Music, Giveaways, Mountain Folk
    All at http://www.blindpigandtheacorn.com

  • Reply
    B.Ruth
    March 12, 2011 at 11:33 am

    Loved this story! Great Job! Hits close to home..Not counting that I had cousins that knew where and when you could see Popcorn Sutton..ha
    I am realizing more and more how many folks from the Secret City are readers and commentors of the Blind Pig..like a reunion! ha
    People you really have to understand how serious “The Secret City” school marms and ones on the higher civic ladder took to these real fancy and sometimes far advanced, for the students, Science Fair projects…for obvious reasons!…After all the scientific communities reputation was at stake!..ha
    Took a mountain boy to change it up!
    I loved this story Ed…Well told and brought back so many memories, eventhough you are a lot younger than I am..we came to OR in ’43..I graduated in the ’50’s, from ORHS…
    Thanks Tipper

  • Reply
    Jim Casada
    March 12, 2011 at 11:21 am

    Tipper–I enjoyed the story. Where did you, or Ed Myers, get the photo which goes with it. Unless I’m badly mistaken, the bearded guy is the late Popcorn Sutton. I knew Popcorn and still have a jar of his “cherries” (i. e., a jar of peartin’ juice crammed full of maraschino cherries) here somewhere.
    For good or bad–and there’s some of both in my opinion–moonshining is a deeply ingrained part of the mountain way of life.
    Jim Casada
    http://www.jimcasadaoutdoors.com

  • Reply
    Charline
    March 12, 2011 at 11:13 am

    Ed,
    Your tale is delightful enough, but all the more, for me, from a fellow Oak Ridge native!
    A certain ‘clear as water’ concoction could be purchased of a Saturday at the bus station,or so I was told. At the age of nine, while spending the day with some relatives,I ate something distasteful and jerked the refrigerator door open to swig down a very full and heavy jug of water – only it wasn’t water. Before swallowing the burning liquid, I spit the contents back into the jug – floaties and all! I replaced the cap and spent the rest of the day on the side porch of the ‘D’ house, fearing I would be found out. I was well into my forties before finding out that it had been purchased to make ‘Purple Passion’ for a party elsewhere – and that the floaties didn’t hurt it a bit.

  • Reply
    Garland Davis
    March 12, 2011 at 10:39 am

    I maintain that my Grandfather wasn’t a bootlegger. He was a pioneer in the Ethanol Industry!

  • Reply
    Sallie Covolo
    March 12, 2011 at 10:08 am

    Great Story

  • Reply
    Douglas
    March 12, 2011 at 9:59 am

    We all know “shine” is illegal but some where in there is an allowance to make a litte homebrew for one’s own consumption. Growing up in my small town in Kentucky I was still always amazed at my cattey corner neighbor who was such a character who worked very hard at farming and had a bit of mysterious past (at least mysterious to me at 11,12 years old). He was good friends with the police chief and they often sat together visiting under the shade in his front yard on hot summer afternoons after work. Usually, on the flat arm of that old wood rocking chair, there sat a quart fruit jar of some clear liquid.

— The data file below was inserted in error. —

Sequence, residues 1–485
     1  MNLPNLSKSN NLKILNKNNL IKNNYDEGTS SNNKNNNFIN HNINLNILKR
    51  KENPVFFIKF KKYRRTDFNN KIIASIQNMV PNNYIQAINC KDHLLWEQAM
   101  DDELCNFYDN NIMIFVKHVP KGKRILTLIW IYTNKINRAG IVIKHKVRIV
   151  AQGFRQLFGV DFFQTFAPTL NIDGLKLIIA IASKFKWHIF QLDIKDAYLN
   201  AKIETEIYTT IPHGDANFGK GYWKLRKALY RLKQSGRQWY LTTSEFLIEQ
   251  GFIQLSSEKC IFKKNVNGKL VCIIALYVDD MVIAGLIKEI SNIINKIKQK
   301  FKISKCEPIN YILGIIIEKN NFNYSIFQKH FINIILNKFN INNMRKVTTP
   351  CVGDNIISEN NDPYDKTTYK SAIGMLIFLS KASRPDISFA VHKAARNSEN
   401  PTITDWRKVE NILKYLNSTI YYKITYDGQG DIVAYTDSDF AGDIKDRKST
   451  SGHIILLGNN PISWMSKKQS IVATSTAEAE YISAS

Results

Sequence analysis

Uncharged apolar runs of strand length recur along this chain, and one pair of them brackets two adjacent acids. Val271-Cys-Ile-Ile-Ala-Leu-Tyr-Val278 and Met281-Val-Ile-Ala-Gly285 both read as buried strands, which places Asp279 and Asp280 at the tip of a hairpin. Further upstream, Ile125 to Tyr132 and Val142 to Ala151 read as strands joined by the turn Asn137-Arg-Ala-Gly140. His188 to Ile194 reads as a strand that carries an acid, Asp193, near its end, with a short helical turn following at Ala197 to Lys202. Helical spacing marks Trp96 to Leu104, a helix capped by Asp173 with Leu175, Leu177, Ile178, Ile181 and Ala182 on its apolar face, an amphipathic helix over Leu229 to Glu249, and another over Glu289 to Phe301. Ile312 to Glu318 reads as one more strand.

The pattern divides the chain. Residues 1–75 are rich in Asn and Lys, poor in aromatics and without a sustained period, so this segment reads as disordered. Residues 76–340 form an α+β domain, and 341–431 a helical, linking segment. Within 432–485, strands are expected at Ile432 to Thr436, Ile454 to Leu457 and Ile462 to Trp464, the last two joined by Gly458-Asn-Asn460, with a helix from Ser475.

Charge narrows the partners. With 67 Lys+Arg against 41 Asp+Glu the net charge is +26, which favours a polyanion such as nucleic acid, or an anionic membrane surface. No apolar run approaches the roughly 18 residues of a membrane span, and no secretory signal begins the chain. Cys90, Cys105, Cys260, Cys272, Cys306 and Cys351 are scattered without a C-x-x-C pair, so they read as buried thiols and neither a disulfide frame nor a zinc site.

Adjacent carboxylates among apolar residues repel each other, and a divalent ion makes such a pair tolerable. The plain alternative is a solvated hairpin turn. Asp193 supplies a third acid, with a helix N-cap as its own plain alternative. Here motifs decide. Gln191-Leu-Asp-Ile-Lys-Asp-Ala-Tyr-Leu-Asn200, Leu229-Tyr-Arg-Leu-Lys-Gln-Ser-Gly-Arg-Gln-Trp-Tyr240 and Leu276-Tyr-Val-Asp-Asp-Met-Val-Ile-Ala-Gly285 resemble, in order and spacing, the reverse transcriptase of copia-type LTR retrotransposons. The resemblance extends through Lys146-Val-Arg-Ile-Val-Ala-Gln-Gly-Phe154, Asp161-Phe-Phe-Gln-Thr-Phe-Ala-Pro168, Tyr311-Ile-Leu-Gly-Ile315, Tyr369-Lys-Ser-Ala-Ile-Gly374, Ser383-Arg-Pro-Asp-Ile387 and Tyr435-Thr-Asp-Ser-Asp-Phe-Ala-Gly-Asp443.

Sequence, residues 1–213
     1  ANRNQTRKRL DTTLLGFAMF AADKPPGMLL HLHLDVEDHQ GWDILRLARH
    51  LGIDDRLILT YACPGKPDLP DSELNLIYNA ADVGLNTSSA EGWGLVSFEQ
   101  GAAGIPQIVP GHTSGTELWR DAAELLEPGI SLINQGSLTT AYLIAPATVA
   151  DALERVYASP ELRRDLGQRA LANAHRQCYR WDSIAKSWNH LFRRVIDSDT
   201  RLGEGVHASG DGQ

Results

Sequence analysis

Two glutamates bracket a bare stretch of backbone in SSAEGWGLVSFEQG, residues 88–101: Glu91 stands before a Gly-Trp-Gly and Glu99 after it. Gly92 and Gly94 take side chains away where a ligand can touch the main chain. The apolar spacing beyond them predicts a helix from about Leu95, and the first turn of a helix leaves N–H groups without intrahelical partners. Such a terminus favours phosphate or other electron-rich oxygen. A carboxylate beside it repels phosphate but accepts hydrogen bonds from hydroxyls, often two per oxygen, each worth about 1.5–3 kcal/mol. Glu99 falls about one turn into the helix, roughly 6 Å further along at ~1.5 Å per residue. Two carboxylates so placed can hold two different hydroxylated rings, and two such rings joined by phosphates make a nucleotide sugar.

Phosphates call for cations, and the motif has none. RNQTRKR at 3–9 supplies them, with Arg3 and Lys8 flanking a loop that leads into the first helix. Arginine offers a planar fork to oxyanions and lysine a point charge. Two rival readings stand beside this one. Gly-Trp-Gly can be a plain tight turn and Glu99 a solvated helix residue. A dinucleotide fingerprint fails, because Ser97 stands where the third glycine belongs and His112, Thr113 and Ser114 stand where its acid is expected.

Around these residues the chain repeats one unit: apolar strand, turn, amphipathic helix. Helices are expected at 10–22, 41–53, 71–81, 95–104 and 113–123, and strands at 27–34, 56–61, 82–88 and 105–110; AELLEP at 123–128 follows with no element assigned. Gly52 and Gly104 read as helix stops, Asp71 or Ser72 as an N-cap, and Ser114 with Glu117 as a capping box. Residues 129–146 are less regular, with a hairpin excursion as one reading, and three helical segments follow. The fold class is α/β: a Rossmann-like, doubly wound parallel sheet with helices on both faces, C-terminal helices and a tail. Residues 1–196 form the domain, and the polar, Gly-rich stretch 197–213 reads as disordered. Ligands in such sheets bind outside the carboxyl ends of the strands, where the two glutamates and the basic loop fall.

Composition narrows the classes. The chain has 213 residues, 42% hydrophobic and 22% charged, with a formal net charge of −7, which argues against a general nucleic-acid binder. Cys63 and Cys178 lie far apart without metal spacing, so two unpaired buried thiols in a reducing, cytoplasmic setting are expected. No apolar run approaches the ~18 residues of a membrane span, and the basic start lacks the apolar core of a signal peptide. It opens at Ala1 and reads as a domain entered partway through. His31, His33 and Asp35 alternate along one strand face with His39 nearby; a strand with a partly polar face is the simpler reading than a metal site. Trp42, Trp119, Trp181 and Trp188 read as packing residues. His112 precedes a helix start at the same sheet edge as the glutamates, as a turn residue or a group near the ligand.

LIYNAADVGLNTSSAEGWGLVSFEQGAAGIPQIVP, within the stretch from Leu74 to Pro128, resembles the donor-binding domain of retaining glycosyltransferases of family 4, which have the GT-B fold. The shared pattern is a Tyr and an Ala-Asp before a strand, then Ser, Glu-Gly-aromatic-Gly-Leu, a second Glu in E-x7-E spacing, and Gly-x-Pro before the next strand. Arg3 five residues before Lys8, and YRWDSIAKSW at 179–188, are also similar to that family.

• Reply
    Mike McLain
    March 12, 2011 at 9:19 am

    Great story. I was born in Oak Ridge, but moved to nearby Roane County at age 3. Never was involved in the likker trade, but I can claim distant kinship through my Allison line to Marvin “Popcorn” Sutton, a famous moonshiner who died in 2009. Never met him, but all indications are that he was a pretty shocking character…

  • Reply
    Wayne Newton
    March 12, 2011 at 8:50 am

    Great story, made all the better in the telling!!!
    If there were any moonshiners in my family, it was kept a secret from me.
    Some of the men who farmed on our place, though, always had some concoction under a croker sack, their ingenuity was evidenced by the places where they hid it on the farm.
    From them and my cousin, the sheriff, who was always a step or two behind them, I saw all kinds of, liquor, and tasted a few of them.
    Brings back so many memories.

  • Reply
    Sheryl Paul
    March 12, 2011 at 8:44 am

    Great story, it kept a big smile on my face the entire time I was reading! Thank you

  • Reply
    Sue Crane
    March 12, 2011 at 8:22 am

    my grandparents bought a house once owned by a supplier of home made spirits and it was said when you went there he would ask you to wait and he would walk around house and when he came back he would have a bottle of “shine”. There was a somewhat makeshif room at the back of the house that Grandmother and Granddaddy wanted to convert to a bedroom — and in the outer wall, accessed through the window base which lifted up was a tank with a spout extending out the floor!

  • Reply
    Nancy @ A Rural Journal
    March 12, 2011 at 7:53 am

    Precious story and delightfully told. Kudos, Ed. You made my day. 🙂

  • Reply
    dolores
    March 12, 2011 at 7:52 am

    That was rather interesting. I’m glad that your project was the history of Moonshine and that you didn’t produce some, especially at a middle school age. I enjoyed the story!